Currency Crashes: The Good, the Bad, and the Ugly

A blog about business and economics.
July 11 2012 2:08 PM

Currency Crashes: The Good, the Bad, and the Ugly

Broken euro
Broken euro

Photograph by Thomas Coex/AFP/Getty Images.

Countries generally only undergo a sharp devaluation in the value of their currency when something's gone badly wrong. That can make it difficult to distinguish, statistically speaking, from cases in which the devaluation per se was damaging and when the devaluation helped cushion the blow. But according to Joe Gagnon's 2010 paper "Currency Crashes in Industrial Countries: What Determines Good and Bad Outcomes?" a currency devaluation is almost never a cause of bad outcomes unless it's simply one part of a broader mosaic of excessive inflation:

Sharp exchange rate depreciations, or currency crashes, are associated with poor economic outcomes in industrial countries only when they are caused by inflationary macroeconomic policies. Moreover, the poor outcomes are attributable to inflationary policies in general and not the currency crashes in particular. On the other hand, crashes caused by rising unemployment or external deficits have always been followed by solid economic growth, rising asset prices and stable or falling inflation rates.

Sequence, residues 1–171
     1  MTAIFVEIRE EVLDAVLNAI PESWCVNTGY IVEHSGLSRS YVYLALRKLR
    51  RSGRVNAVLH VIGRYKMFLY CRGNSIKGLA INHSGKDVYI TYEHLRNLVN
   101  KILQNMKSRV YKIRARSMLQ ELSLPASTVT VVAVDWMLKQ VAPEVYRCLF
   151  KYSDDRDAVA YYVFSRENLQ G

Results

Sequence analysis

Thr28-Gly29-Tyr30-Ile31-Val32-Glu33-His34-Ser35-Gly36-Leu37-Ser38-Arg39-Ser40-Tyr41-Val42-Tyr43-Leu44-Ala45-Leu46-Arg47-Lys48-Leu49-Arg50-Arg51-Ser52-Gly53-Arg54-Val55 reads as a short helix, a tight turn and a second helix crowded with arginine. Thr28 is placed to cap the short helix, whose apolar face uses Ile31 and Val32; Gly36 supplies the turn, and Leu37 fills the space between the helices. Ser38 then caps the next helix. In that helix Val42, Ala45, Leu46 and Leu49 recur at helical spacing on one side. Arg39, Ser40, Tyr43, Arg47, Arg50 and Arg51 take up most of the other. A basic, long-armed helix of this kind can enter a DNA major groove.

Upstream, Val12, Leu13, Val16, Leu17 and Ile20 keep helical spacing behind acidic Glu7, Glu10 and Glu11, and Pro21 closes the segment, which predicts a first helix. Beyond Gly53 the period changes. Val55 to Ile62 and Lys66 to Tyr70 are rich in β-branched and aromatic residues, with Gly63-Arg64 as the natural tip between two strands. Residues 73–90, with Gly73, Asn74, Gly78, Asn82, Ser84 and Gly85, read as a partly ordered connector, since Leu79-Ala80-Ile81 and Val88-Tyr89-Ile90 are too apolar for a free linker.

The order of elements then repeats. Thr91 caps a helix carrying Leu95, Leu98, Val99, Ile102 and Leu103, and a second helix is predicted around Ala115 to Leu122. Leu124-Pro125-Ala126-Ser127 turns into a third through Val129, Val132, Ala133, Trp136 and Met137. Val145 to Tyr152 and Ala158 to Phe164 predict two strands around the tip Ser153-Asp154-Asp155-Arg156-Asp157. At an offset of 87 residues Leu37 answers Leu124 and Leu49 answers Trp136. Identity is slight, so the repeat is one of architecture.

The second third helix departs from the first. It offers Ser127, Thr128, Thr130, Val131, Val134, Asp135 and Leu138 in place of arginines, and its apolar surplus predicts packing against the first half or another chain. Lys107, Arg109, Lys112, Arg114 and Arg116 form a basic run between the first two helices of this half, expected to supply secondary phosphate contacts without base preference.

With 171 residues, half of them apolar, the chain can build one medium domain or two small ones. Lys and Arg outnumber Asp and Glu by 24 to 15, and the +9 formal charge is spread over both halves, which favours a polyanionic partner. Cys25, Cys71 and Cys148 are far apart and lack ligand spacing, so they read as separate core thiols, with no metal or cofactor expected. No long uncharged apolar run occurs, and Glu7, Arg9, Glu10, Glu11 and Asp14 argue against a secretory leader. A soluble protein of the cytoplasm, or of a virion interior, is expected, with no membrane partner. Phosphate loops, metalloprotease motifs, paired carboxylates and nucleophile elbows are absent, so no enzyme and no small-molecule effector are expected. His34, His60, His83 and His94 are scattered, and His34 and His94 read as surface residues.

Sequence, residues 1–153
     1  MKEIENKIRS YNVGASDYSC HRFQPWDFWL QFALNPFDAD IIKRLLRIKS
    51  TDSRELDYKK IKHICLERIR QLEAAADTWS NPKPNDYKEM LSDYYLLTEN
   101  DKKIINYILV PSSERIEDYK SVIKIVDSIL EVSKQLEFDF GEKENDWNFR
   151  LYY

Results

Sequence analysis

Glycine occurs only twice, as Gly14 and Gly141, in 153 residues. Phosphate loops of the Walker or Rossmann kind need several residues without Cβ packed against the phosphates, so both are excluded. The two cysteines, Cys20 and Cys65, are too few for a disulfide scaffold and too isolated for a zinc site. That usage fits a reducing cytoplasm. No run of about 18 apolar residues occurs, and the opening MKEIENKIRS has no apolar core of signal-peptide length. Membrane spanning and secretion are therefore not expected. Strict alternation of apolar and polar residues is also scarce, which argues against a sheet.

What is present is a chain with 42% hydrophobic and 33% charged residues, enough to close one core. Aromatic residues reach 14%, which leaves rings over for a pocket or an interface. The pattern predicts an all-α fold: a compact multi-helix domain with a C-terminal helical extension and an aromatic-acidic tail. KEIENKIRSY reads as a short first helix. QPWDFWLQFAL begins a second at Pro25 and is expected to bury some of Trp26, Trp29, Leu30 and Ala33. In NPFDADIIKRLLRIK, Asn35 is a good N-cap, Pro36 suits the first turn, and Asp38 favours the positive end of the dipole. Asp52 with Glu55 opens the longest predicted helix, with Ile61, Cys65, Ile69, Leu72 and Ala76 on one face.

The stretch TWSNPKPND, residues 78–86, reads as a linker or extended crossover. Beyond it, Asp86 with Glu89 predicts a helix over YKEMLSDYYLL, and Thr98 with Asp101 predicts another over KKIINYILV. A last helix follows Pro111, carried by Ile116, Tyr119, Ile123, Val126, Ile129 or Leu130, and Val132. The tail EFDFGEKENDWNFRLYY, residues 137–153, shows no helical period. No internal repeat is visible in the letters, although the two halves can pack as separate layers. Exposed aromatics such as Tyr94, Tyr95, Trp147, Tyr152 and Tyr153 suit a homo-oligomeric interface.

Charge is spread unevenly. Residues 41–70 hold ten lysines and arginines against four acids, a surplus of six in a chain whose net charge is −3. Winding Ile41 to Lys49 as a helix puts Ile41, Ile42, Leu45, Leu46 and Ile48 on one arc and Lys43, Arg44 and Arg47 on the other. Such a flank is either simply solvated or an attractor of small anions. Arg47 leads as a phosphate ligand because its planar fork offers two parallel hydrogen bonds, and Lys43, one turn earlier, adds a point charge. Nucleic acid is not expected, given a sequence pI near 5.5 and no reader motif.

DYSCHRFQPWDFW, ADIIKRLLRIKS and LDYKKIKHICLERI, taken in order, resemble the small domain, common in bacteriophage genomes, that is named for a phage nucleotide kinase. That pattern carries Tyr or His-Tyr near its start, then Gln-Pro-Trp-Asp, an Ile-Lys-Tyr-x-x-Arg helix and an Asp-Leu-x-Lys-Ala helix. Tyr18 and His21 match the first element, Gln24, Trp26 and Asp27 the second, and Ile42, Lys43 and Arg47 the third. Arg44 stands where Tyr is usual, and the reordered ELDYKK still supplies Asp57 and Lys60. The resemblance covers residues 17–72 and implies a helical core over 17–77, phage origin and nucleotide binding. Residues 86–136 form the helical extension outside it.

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Tying this back to the eurozone crisis, one of the main economic policy objectives of elites in Italy and Spain was to commit their countries to a lower-inflation course by removing debt-monetization and currency devaluation as a policy option. And this has, indeed, worked in holding Spain and Italy to much lower inflation trajectories. But the cost is that they've abandoned the inflationary course in a way that's cut off the possibility of responding to rising unemployment or external deficits with currency devaluation. And right now that's proving exceptionally harmful. And it's not just high unemployment in the short term. Even pre-crisis, Spain was a less-educated, less-skilled, less-proserous country than Germany. Putting it through the ringer of a years-long span of 20-plus percent unemployment is going to lead to de-skilling of the workforce and sharply discourage the accumulation of  capital goods while failing to properly reward productivity enhancing management innovations.

Matthew Yglesias is the executive editor of Vox and author of The Rent Is Too Damn High.